It may be called Love but the real topic of director Gaspar Noé’s new film is sex: two whole, sometimes enjoyable, sometimes uncomfortable hours of it.
Through the recollections of Murphy (Karl Glusman), an American student in Paris pining for Electra (Aomi Muyock), the French woman he lost, we see bonking in its many guises: tentative early love sex, full-throttle infatuation sex, spiteful break-up sex. Sex between a man and a woman, sex between a man and two women, sex between a man and woman and a transsexual, sex between groups of strangers in a sex club. At one point we’re treated to a face-to-face – or should that be head-to-head? – point of view shot of a (reportedly real) penis ejaculating out from the screen onto the audience. Did we mention it is in 3D?
Even still, it says something about Noé’s films that Love represents something of a mellowing for the Argentinian. Previous efforts include 2002’s rape-revenge drama Irreversible – considered by many upon its release to be the most shocking film ever made, a dubious honour to which it still has some claim – and 2009’s equally deranged if less headline-grabbing family drama Into The Void. Compared to those, Love feels as shocking as watching a vintage porn flick (cheesy soundtrack included).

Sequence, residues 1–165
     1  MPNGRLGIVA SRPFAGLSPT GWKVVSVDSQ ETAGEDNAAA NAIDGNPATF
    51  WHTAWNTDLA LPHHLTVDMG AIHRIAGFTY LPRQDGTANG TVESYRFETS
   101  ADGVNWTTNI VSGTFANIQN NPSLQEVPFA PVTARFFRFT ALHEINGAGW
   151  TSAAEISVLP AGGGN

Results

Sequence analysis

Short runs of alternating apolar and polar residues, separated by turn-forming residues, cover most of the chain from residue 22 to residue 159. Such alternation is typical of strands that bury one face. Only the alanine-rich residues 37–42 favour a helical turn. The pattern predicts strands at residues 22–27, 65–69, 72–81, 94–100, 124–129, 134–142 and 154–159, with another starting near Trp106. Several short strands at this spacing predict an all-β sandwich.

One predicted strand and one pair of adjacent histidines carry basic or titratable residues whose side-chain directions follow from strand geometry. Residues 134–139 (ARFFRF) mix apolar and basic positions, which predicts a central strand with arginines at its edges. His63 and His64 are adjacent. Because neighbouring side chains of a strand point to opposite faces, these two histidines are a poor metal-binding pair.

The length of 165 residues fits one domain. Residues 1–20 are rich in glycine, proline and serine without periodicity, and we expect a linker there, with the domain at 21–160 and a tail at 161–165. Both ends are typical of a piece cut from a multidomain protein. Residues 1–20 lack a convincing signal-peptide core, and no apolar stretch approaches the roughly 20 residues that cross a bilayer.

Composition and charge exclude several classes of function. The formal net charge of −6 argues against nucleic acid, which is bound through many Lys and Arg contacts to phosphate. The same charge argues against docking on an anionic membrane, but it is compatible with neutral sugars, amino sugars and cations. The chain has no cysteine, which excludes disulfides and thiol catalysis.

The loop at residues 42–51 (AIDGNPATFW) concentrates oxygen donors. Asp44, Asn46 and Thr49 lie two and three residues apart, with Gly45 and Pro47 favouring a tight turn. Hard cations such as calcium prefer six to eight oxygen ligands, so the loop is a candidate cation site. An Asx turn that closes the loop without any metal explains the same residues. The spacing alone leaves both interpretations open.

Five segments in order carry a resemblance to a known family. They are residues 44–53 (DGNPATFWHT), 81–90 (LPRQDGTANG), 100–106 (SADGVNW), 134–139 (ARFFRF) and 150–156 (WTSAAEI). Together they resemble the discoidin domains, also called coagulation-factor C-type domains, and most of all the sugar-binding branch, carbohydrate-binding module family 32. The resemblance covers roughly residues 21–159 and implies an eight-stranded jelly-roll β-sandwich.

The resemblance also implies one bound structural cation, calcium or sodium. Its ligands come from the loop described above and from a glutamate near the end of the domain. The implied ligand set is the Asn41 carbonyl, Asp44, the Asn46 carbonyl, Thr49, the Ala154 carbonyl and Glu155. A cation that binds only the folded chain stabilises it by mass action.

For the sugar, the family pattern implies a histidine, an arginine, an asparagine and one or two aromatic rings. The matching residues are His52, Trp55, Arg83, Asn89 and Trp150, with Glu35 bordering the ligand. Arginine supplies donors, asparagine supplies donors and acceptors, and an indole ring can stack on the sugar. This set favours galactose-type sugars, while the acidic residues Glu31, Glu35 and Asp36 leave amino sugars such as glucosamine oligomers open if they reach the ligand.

So why bother seeing it? Well, unless you’re 13 and your modem is broken, it’s not for the writhing bodies – though the cast, particularly Swiss model and debutant Muyock, are of course uniformly gorgeous. The really interesting stuff here is when Noé explores the emotional crucible of sexual jealousy and sometimes-blurred line between fantasy and true desire.
Murphy and Electra embark on a journey together that breaches frontier after frontier, but rather than bring them closer together, it slowly tears them apart. More could have been made of this, but you feel it would have got in the way of Noé’s stated main aim: to make a film that celebrates sex in a joyous way, or as he put it somewhat clunkily at Cannes, “gives guys a hard-on and makes girls cry”.
Whether it achieves that aim we’ll leave for you to figure out (and keep to yourself), but beyond the titillation, there’s just about enough in this self-indulgent but, yes, joyous film to justify a cinema trip. Just don’t take a first date.
Love is out on 20 November